Today, I was even busier, 'cause, in addition to picking up a few more sales, and collecting money for soldiers’ deposits, I also had to start gathering the data for the company history, which is due at HQ tomorrow, but which they can't possibly get 'til the next day, so, I’ve hardly had a chance to draw a long breath yesterday and today. I've already postponed my pass for two weeks, and I had planned to take it tomorrow, but now, there is so much paper work to be got out, that I'll be well satisfied if I can clear it up this week. It is three weeks or more since I've as much as left the station even for an evening in town. Now it looks like I won't be able to get away yet for another week. The station itself is all very nice, even restful, most of the time, but need I change of scene badly; even a few hours in town would be enough. I know when I need this “change,” because I find myself feeling low and dispirited at too frequent intervals. Oh well—I hope I can manage to get away before I must get busy on the payroll again.

I want to tell you about this bond drive, Sweet, 'cause I must ask a favor of you in that connection. The VIIIth Air Force, at the behest of our commanding General (Doolittle) is going to try to raise six million dollars to purchase enough planes of all types to make up what will be known as the “Victory Squadron.” Each unit has its quota to fill (ours is $1821.00), and each command is offering prizes to be drawn by lottery. The main prize is a five-minute call via transatlantic phone to anyone back home (and how I'd like to be the lucky winner!), Chances in the lottery are to be awarded on the basis of the amount of bonds bought. The more a fellow invests, the more chances he gets—catch on? Well, Chippie, I did pretty well the first day of the drive (yesterday, getting rid of $985.00 worth. I added another 205.00 today. But not one penny of that total was mine. As you know, if already have an allotment for a bond each month, and each pay-day I am left with about 28.00 to see me thru the following month, which precludes any bond buying on my part. Still, I would like to make a personal contribution in this very worthy endeavor, and that is why I am asking you to help me do so. The drive ends on 2 Sept. I was wondering if you wouldn't withdraw 75.00 of our cash savings, forward a money order to me in that amount, thus enabling me to acquire a $100 bond, which, of course, will eventually (within six weeks) find it's way back to you. I would greatly appreciate this favor, Baby, and though the greater part of our savings is already in war bonds, I know you won't begrudge converting another $75.00. You must lose no time, Sweet, 'cause the mails are still unpredictable. By a strange coincidence (speaking of bonds and the foibles of the mail system), your letter of June 29 arrived today. Among other bits of information, you tell about the bond-rally held in honor of Mayer Taylor, and the fact that your boss, Mr. Bellet, bought the first bond for $10,000. This made me wonder if Mr. Bellet would care to have a share in the “Victory Squadron.” I'd like to sell him a bond, even if it's only a $25 one. For that matter, Baby, you might explain the situation to some of our friends, and ask them if they would care to "buy in.” I think Mom, Harry and Goldie, and your folks, at least, could help me out on this. You see, Honey, all the bonds we of the company sell will swell our total. I'm most anxious to make a good showing, cause I am more or less personally responsible for the success or failure of the drive in our unit. A money order in the correct amount will do in every case, and we have been told that the bonds will be delivered to the owner within six weeks of purchase at this end. If you do send any such money orders along, Chippie, they must be made out to me, personally. Enclosed with each must be the following designations: Owner (of bond); Co-owners, and beneficiary, and their addresses. This information, of course, on a separate slip of paper. Finally, I must receive them before 2 Sept., so you have no time to waste. Will you try, Chippie?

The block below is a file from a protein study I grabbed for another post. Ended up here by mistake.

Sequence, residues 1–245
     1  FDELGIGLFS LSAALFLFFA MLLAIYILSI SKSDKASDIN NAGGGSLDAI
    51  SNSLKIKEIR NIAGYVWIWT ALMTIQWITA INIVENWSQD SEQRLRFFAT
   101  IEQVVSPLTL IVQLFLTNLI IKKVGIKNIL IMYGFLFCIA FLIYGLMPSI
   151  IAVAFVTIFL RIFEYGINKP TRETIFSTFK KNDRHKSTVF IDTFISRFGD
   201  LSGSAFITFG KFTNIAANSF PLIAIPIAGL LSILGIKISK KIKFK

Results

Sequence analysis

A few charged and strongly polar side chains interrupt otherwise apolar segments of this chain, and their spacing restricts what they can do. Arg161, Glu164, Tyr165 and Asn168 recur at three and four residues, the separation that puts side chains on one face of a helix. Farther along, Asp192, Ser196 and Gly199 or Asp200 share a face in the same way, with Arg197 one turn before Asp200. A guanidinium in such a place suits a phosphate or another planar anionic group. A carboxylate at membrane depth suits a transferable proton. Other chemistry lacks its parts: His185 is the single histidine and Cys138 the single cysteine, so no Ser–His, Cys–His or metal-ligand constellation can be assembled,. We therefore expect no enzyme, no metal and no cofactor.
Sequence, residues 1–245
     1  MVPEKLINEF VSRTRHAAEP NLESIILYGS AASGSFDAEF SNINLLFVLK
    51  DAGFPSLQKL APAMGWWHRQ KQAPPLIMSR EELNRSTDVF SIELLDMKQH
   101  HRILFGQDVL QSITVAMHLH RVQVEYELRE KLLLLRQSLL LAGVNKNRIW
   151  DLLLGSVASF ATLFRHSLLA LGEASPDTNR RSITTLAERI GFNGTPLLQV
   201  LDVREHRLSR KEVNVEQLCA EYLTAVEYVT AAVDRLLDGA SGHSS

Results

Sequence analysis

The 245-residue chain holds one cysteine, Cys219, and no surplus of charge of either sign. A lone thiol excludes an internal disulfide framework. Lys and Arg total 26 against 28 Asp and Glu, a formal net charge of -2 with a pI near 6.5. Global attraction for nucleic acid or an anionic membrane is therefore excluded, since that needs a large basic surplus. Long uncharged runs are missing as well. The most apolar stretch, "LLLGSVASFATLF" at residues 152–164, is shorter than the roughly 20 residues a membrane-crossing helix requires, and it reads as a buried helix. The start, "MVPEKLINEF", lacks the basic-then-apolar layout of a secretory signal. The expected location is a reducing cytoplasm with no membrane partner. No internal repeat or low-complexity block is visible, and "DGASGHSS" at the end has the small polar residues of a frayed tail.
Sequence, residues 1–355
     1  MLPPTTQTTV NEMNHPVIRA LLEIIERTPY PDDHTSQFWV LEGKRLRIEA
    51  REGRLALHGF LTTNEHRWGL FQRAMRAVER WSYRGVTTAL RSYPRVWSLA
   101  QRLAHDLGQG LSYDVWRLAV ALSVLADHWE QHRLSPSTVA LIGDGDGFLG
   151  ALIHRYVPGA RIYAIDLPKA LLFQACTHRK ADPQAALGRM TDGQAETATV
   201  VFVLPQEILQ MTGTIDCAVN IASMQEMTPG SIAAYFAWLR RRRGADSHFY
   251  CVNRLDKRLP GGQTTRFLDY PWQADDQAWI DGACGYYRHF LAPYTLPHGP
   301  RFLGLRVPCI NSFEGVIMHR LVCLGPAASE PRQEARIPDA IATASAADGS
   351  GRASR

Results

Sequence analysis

After four mail-less days, I finally received your letter of 29 June, Lady, I was fit to be tied—no kiddin! I don't mind too much when I don't receive any mail for a few days (it's happened too often before), but when the APO rubs it in by sending along a letter that was mailed 32 days ago, that is too much. I couldn't be angrier if they laughed in my face. But then, I guess any mail is better than no mail, and we should thank God for any blessing (even such a one.)

That 3-day trip that you inquire about, that I was supposed to make with Lt. Toms, fell thru, dammit! Guess I’ll never get to see Stratford-on-Avon, after all.

Your letter was a nice long one, Sweet, but most of the news is stale, and therefore doesn't inspire comment. But your closing paragraph is very sweet. You say "Gosh, how I wish we could climb the stairs hand-in-hand and go to bed together once more."—To which can only say Amen!

It is getting late, my darling, and I am tired and sleepy, so let's go to bed—shall we? Good-night, my lovely—I love you so very much! My love to the punkin-—and all.

Your loving

P.S. I had meant to write each of our friends and the family individually on the bond question, but unfortunately l am very, very busy (and will be all next week—as I've explained), and if I wait until I do have the time, it will be too late to meet the deadline. I'll appreciate anything you can do in my place, Ev honey. Did I already say I love you? Lady—you'll never really understand how much!

August, 1, 1944

Dear Evelyn:

This prompt reply will no doubt surprise you. Usually one doesn’t procrastinate so much as this individual. For some time now I had been planning things so that we could have gotten together for an evening, intending to let you know etc. During that time, many things have happened. Frances ill, my hours changed, then additional hours which kept me rather incarcerated and limited to all things. However, times have changed (except for my longer working hours which I do not mind) and Frances and myself are looking forward to our seeing you once again. Should you be able to break away from the normal working problems of a mother, and can spend an evening with us, we would be most glad to talk about your hubby and daughter.

We would like for you to arrange an evening so that you may have dinner with us. If it is at all possible, by all means, bring your daughter. You just arrange to your own convenience, the evening, time and anything you especially like in vitals. If a Sunday afternoon strikes your fancy, then ok. Course, that is subject to change since my working weekends are not known till Friday ’fore. I have a motion picture camera which I know will take lovely pictures of your daughter.

If the above sounds satisfactory, then go ahead with your planning. I hope it does. Our phone number is Baring 1636. You can call us most any time. More to be said later. Your hubby is still well, I hope—Hello to the folks for me—